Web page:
Thursday, October 27, 2011
Uncovered, a new approach to the survey?
Yesterday my department had a lunchtime brownbag discussion about Lendol Calder's new way of teaching the survey (although, as you'll see, him calling it "the survey" is a misnomer).
The idea, articulated in an influential 2006 JAH piece, is that attempting to cover everything that happens from 1865 to 2011 turns into a plodding along of facts that is pedagogically unsound. Students get bored, he says, and they don't retain the information. It isn't working. His "uncoverage" approach is instead a topical approach to history, working through big subjects (in his examples: "the Cold War" or "the civil rights movement") and forgetting about trying to cover everything. He then has his students uncover history for themselves, using documentaries, primary source documents, and dueling textbooks (Howard Zinn versus Paul Johnson is his example). He hopes that students will then leave the semester knowing: (1) a lot about the Cold War (and the other topics he's selected); and (2) a lot about thinking historically and understanding that history is contested ground but premised on evidence and interpretation. This is a thin summary, but you get the gist.
There is much merit this approach, and to his credit Calder (and my department's advocates for him) has got me re-thinking the way I set up my discussion sections and even some of the readings I assign in my 100-level survey. Indeed, after the brownbag I am even more impressed with the Major Problem series, which consciously sees history as a series of arguments with results based on documents.
On the other hand, there are several problems with Calder's approach, at least as it appears in the article. First, he's teaching a ten-week semester, for 30 students, on 1945 to the present. With such limitations, his approach is probably wonderful. But in my experience, a class of that description is not "the survey" but an upper-division class. In my 100-level classes, I get 120 students in a lecture hall with bolted down seats and two TAs who lead Friday discussion sections. We're talking apples and oranges here. When I teach upper-division classes, I'm most certainly taking another look at the article.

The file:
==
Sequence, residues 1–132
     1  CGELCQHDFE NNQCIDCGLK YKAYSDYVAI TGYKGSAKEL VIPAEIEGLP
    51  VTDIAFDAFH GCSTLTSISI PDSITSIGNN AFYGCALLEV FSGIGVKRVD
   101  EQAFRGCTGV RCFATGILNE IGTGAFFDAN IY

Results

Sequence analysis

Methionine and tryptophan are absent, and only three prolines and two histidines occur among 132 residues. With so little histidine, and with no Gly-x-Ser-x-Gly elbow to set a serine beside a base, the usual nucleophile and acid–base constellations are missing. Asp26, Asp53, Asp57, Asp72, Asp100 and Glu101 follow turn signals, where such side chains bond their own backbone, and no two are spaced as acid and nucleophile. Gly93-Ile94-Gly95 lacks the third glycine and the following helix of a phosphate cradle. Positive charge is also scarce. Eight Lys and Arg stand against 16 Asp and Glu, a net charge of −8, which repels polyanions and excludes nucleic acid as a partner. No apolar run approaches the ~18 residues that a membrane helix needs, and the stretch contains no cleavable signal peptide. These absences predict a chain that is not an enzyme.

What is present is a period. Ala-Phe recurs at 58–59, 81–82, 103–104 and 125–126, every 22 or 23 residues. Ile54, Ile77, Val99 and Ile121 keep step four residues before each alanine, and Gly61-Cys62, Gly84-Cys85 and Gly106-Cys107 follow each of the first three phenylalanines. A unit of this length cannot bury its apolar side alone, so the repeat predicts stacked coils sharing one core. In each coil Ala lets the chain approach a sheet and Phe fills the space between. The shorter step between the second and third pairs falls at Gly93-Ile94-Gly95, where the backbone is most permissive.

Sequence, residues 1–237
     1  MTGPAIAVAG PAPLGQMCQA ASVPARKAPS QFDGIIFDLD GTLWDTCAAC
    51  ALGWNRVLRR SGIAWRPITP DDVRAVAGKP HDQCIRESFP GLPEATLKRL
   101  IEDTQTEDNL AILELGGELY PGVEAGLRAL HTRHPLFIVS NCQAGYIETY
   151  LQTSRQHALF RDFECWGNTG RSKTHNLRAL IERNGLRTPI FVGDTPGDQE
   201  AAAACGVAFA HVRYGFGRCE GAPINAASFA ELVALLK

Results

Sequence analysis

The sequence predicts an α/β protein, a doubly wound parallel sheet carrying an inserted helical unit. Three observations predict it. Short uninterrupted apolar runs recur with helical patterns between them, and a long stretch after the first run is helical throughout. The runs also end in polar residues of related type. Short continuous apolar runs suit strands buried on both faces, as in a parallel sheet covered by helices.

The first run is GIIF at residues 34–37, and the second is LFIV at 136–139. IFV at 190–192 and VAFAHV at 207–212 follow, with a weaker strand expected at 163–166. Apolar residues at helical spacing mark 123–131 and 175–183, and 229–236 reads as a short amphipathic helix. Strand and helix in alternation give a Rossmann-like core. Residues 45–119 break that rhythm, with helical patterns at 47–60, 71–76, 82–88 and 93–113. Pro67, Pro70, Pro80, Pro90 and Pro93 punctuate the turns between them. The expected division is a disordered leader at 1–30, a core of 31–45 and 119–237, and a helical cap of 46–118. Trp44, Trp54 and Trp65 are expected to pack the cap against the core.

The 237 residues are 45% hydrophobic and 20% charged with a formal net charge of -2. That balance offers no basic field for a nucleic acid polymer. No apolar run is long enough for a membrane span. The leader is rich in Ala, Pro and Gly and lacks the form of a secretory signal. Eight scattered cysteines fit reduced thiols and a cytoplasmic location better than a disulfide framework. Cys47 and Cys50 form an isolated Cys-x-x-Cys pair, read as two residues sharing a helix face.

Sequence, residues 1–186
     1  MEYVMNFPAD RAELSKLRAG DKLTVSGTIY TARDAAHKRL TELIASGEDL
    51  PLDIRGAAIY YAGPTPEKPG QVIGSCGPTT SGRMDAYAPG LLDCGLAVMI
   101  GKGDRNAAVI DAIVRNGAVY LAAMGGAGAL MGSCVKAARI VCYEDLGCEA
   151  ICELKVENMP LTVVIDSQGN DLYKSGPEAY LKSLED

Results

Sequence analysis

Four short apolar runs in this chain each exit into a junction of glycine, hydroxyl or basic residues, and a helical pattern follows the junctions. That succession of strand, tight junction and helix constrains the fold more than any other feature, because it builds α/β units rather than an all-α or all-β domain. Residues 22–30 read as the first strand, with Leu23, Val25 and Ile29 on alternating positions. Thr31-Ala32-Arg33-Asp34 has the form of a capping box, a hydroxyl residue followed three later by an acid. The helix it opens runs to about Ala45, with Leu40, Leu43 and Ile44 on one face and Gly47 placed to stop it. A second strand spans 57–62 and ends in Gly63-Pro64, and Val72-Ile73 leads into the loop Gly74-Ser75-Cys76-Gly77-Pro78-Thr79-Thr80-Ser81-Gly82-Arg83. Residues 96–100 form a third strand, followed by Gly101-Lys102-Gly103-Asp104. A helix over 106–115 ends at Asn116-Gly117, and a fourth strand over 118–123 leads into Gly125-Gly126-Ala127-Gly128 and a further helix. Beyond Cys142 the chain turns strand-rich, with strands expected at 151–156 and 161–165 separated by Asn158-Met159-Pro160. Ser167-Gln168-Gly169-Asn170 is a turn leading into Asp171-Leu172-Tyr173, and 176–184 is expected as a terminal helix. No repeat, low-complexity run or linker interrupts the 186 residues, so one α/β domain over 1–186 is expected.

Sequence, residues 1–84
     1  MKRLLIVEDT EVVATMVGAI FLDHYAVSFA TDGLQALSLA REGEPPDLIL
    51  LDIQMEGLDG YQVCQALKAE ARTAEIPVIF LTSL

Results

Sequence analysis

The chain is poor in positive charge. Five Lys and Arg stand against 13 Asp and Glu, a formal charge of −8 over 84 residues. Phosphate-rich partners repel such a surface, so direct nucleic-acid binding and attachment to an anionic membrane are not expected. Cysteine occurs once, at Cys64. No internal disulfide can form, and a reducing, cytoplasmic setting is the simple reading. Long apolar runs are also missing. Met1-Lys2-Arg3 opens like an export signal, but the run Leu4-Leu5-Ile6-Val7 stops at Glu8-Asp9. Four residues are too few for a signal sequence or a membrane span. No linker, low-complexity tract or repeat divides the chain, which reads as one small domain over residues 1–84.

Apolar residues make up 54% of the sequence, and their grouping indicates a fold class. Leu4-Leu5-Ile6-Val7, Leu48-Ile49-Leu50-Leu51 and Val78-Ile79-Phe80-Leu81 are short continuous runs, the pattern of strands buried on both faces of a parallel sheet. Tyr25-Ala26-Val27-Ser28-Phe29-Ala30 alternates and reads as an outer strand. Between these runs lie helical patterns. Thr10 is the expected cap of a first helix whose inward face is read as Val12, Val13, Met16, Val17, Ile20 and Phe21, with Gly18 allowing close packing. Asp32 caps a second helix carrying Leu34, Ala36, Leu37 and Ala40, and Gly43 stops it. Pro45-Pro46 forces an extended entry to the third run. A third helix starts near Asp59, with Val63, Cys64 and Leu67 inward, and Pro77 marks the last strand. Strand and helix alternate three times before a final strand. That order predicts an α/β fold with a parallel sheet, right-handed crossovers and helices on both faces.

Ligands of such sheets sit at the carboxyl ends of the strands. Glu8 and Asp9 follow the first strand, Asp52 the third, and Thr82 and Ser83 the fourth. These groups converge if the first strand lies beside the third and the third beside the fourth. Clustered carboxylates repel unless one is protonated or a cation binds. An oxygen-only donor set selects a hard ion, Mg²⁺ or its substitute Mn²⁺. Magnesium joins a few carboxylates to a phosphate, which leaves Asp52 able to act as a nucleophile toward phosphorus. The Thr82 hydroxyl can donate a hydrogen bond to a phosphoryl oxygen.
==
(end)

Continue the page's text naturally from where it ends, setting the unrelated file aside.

In addition to this complaint, the syllabus he proposes spends a full third of the classtime watching documentaries. One third! To me, this is just lazy lecturing. Plus, if he thinks sitting through a lecture is boring (is it, really?), has he tried to stay awake through "God in America" or almost any Ken Burns' documentary? I usually last about 15 minutes before the saccharine music and the long, panning skyward shots have got me reaching for my afghan and increasing my horizontal ratio. Plus, is using as a model of the "typical" lecture the famous scene from "Ferris Bueller's Day Off" ("Anyone? Anyone?") really fair? It's certainly not my approach to the classroom, and I doubt it's anyone's.
On the other hand, Calder makes a good case for how we learn (and therefore how our students' learn).
One of his best arguments is that we learn when it matters, and a test isn't quite good enough to create "mattering." This got me thinking: what if I restructured my 16-week survey around 16 topics that slide chronologically forward. For instance, assuming that the industrial revolution is a meritorious starting point, what if we spend the first day going through technological breakthroughs in American life, then pull back to the late 19th century to see how we got to where we are today. The next week could be an investigation of, say, why Chicago (my city) is so racially segregated today. Clearly Reconstruction and the New South and the Great Migration would come up. Then third, the role of women in politics, which will highlight the Progressive Era movement toward female suffrage. Then the relationship between government and industry, a la the New Deal. Etc.
Of course, we'd need a concise textbook to keep the thread alive (go HIST!). But I wonder, has anyone with my kind of constraints tried this approach? Can uncoverage work in a real survey?